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From A Railway Carriage
(1850-1894 / Edinburgh / Scotland)

From A Railway Carriage

Poem By Robert Louis Stevenson

Faster than fairies, faster than witches,
Bridges and houses, hedges and ditches;
And charging along like troops in a battle
All through the meadows the horses and cattle:
All of the sights of the hill and the plain
Fly as thick as driving rain;
And ever again, in the wink of an eye,
Painted stations whistle by.
Here is a child who clambers and scrambles,
All by himself and gathering brambles;
Here is a tramp who stands and gazes;
And here is the green for stringing the daisies!
Here is a cart runaway in the road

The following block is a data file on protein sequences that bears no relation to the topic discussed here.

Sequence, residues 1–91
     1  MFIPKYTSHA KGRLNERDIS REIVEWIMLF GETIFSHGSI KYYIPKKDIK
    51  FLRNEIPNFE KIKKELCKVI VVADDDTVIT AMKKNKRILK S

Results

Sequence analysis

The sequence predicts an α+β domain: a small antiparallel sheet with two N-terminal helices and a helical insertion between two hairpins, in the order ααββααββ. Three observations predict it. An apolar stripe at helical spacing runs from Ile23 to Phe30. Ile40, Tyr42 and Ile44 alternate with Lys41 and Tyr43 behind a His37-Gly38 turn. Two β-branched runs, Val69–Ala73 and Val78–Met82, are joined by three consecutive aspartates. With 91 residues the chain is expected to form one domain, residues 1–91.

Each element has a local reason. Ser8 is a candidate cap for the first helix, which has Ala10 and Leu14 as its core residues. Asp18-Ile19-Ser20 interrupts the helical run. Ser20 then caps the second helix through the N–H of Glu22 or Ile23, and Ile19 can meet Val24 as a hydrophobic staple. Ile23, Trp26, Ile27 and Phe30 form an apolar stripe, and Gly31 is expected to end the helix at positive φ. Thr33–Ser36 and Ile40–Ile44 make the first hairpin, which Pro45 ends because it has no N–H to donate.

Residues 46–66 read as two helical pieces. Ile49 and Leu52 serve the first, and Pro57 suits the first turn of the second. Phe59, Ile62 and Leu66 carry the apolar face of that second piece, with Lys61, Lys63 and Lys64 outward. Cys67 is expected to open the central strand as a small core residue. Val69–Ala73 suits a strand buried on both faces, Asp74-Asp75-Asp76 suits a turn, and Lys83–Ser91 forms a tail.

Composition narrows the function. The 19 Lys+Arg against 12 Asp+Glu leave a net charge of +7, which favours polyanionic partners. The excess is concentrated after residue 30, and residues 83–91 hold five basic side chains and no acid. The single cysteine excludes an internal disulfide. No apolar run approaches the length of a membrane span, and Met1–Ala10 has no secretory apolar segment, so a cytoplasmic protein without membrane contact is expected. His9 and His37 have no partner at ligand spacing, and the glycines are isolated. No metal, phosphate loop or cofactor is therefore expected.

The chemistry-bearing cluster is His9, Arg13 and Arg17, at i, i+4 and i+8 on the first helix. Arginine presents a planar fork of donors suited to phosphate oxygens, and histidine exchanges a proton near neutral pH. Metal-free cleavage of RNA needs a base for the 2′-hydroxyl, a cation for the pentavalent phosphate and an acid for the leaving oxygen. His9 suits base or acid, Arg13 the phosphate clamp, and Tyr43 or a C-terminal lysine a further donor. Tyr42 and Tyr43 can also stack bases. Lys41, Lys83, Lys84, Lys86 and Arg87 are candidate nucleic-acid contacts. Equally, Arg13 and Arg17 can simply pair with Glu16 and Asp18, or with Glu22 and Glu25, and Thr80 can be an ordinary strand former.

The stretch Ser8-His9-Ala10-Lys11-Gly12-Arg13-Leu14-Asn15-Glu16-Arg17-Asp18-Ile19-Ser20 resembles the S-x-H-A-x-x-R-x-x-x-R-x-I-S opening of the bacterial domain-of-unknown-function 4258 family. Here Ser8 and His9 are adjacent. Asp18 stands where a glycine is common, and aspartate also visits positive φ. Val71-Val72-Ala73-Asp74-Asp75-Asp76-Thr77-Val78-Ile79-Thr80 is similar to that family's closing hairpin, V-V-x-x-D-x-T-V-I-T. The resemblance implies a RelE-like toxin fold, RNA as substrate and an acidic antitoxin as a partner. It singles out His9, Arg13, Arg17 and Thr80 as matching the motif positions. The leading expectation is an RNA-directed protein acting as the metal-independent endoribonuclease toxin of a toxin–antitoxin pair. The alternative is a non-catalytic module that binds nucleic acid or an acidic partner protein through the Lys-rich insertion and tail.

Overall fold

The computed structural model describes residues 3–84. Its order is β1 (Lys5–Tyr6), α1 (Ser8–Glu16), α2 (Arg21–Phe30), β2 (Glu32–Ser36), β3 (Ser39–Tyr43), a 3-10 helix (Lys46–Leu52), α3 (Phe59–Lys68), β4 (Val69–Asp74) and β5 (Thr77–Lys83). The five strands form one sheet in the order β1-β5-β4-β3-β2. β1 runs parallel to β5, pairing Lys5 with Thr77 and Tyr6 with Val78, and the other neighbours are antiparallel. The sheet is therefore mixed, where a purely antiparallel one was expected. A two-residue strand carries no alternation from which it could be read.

Lumping along with man and load;
And here is a mill, and there is a river:
Each a glimpse and gone forever!

User Rating: 3,6 / 5 ( 49 votes ) 24

Comments (24)

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Very good I liked it.
A great poem by the great writer and poet. A poem to knock your socks off and a poem to never tire of rereading. So many gathered and great images, superb!
The poem makes me feel if i am in a train
Learnt this as a child over 60yrs ago, great to re-discover it again


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